Daniel Perrin has been interning with North Carolina Interfaith Power and Light this summer. He describes below what led him to this work and how he got connected to NCIPL.
I’m Daniel Perrin, and I am now, at last, a summer intern with North Carolina Interfaith Power and Light. From the time that I first started learning about this world, I cared about many things, but climate change always seemed to be the all-encompassing issue to me. As I introduce myself to this community, I want to talk a little bit about myself and how I became involved with NCIPL.
To do that, let me start out with the basics. I am now a rising 9th grader and will be attending Carrboro High School in the fall. Three amazing years at Smith Middle School helped forge my interest in the environment and made it stand out among a crowded field of other issues pressing our world. I currently live in Chapel Hill with my family and my relationship with them has only furthered my interest in the environment. After all, environmental justice is one of the few issues that affect everyone, though no doubt some more than others. There is nothing to do but solve it! That is the only way to get past this and share the same world with every future generation.
In 2017, I was in 7th grade, the usual year for going through the Bar or Bat Mitzvah process for young people of Jewish faith. At my synagogue, Judea Reform Congregation in Durham, the tradition is for every person becoming a Bar or Bat Mitzvah to complete a social justice or Mitzvah project in accordance with your studies. The portion of the Torah that I chanted was B’reishit, the very first section. To give you a sense, B’reishit translates literally to “in the Beginning” and makes a very clear connection to the environment. This portion of the Torah talks about the earth being created and then passed on to Adam and Eve to care for it. To go along with this theme I tried to create an ambitious project centered around bridging religion and environmental action. Enter NCIPL.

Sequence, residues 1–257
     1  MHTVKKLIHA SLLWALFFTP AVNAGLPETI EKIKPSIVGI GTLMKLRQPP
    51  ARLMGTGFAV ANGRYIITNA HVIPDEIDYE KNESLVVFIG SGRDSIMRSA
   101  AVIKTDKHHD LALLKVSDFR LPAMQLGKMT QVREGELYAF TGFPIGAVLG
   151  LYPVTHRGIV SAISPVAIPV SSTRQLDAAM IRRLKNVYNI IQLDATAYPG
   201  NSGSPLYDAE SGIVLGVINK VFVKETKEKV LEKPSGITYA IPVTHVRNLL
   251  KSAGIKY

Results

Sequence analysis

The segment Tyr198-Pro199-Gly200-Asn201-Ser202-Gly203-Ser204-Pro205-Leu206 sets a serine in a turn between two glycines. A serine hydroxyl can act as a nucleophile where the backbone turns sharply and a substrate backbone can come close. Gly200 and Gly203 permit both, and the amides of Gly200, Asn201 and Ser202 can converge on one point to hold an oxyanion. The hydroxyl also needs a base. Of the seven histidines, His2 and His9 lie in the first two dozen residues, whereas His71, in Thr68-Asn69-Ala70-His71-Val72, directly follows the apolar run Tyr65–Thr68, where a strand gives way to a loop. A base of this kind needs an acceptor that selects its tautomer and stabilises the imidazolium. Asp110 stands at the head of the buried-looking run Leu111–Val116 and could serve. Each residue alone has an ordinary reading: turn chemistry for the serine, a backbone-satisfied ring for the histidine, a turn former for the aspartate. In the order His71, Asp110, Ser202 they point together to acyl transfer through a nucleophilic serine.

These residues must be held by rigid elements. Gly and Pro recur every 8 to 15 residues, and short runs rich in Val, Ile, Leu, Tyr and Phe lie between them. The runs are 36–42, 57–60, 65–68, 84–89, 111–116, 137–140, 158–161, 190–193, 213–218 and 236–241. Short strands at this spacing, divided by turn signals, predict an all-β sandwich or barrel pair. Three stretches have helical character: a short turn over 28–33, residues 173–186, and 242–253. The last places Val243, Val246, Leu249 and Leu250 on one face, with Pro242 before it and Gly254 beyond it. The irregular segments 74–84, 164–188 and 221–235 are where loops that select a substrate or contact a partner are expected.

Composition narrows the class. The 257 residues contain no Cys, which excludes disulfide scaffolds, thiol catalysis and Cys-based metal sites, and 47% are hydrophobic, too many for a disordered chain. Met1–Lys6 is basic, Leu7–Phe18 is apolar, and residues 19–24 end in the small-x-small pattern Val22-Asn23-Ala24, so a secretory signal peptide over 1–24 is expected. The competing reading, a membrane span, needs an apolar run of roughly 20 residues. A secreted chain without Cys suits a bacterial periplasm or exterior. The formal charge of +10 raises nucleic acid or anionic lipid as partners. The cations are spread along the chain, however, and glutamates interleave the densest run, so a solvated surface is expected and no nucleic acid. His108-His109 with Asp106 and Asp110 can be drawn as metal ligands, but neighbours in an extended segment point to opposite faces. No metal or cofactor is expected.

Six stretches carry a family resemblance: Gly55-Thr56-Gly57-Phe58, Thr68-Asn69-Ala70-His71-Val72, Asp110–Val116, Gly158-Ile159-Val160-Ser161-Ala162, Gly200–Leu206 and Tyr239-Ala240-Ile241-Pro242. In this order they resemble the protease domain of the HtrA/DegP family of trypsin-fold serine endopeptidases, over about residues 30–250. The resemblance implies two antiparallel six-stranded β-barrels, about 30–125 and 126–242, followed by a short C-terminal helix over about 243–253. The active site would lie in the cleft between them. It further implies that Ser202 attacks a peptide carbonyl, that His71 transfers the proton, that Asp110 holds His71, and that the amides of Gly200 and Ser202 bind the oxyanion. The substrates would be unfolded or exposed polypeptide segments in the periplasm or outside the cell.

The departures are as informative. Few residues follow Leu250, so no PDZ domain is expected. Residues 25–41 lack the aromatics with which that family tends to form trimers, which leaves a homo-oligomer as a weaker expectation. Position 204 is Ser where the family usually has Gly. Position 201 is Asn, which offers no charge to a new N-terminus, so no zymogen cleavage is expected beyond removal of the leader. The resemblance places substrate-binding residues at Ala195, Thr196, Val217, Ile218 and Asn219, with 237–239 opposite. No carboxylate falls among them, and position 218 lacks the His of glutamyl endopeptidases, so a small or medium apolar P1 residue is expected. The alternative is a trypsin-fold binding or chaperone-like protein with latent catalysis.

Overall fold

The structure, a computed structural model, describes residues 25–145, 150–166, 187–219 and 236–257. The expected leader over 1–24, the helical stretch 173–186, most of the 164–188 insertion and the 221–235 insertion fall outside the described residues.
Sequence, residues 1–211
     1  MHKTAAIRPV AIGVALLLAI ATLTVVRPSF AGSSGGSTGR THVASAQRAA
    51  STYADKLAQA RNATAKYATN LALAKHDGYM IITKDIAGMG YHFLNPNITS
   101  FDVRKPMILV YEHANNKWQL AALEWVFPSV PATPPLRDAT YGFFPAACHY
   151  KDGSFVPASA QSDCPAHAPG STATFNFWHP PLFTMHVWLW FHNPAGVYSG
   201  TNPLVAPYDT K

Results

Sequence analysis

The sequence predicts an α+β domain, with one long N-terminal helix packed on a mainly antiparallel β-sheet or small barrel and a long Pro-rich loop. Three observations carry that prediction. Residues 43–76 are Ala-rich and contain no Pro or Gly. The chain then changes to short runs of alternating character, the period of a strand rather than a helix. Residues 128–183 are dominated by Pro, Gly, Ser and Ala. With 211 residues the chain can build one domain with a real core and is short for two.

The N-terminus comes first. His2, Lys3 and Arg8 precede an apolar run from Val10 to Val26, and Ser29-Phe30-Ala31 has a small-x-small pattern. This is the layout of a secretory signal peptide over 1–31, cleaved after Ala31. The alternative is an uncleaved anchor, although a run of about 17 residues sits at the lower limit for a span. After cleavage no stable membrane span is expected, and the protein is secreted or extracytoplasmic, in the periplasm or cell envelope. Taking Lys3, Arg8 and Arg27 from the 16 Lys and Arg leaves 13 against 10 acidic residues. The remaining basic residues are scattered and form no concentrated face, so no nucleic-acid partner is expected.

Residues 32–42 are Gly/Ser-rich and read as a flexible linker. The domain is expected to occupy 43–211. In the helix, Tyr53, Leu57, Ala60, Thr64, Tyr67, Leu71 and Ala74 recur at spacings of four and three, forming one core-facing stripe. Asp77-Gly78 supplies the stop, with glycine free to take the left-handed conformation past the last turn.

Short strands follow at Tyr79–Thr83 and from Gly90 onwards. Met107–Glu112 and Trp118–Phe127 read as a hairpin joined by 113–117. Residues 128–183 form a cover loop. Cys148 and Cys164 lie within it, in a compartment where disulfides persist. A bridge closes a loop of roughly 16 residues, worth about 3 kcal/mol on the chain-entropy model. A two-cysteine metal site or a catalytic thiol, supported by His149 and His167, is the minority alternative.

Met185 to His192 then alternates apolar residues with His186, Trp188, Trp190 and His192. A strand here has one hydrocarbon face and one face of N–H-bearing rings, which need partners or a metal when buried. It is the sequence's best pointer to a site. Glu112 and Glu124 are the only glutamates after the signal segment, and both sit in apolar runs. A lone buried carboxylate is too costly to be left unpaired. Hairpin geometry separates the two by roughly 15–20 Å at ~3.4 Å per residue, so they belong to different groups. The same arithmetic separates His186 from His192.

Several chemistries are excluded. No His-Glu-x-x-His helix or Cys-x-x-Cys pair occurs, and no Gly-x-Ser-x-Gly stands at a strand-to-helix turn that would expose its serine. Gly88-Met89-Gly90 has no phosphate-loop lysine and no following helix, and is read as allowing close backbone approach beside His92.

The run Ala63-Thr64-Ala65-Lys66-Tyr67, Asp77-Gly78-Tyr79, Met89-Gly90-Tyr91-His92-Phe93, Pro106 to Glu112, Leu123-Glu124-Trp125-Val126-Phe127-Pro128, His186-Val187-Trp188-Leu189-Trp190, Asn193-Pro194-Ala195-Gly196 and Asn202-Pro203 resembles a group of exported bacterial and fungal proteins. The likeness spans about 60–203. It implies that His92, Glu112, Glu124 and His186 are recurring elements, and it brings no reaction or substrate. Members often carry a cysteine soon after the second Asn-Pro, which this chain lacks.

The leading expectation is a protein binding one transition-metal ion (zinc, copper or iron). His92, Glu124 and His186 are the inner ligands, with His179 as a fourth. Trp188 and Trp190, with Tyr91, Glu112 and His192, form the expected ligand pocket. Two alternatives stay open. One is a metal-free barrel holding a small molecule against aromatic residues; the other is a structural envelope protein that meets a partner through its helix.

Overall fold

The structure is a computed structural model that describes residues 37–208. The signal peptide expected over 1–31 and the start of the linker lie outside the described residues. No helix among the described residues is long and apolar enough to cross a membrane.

The first part of my social justice project was to spearhead and help conduct an energy savings analysis of our synagogue and campus. We worked to coordinate it, and soon thereafter a volunteer auditor from NCIPL — little did I know in a short amount of time, I would be a volunteer with NCIPL — came to our synagogue. That day, we walked around the campus for more than an hour and were led by the auditor, a retired electrical engineer, who taught us ways to reduce our carbon footprint with low or no-cost solutions. What resulted? 11 pages of real, tangible solutions to help our synagogue and help our world.
This project experience introduced me to NCIPL and they stayed on my mind as we coordinated the next part of the project: installing a solar panel at the synagogue to power the Ner Tamid or Eternal Light. The Eternal Light is a symbol of God’s presence that illuminates the sanctuary. On February 19, 2019, a 50-watt photovoltaic solar panel was installed outside the synagogue as well as an AGM battery. The battery stores and supplies energy to the Eternal Light even during the night and several cloudy days in a row. I see powering the Eternal Light with solar energy as a great symbolic act for our community. It represents God’s presence as an eternal source of light. We finally finished that part of the project in February of this year. It was a long process that involved jumping through many hoops, but I learned a lot from the project. Overall, the work that I helped accomplish at my synagogue really struck me as momentous and important because the symbolism can be applied anywhere. I thought at the time, and I think even more now, that NCIPL’s work takes a unique angle to a crucial issue. In some ways, it’s a better angle, because it resonates with people now and emphasizes the personal affect climate change is having on people.
And now, here I am, writing this blog post as an intern with NCIPL, and I am looking forward to continuing this great work.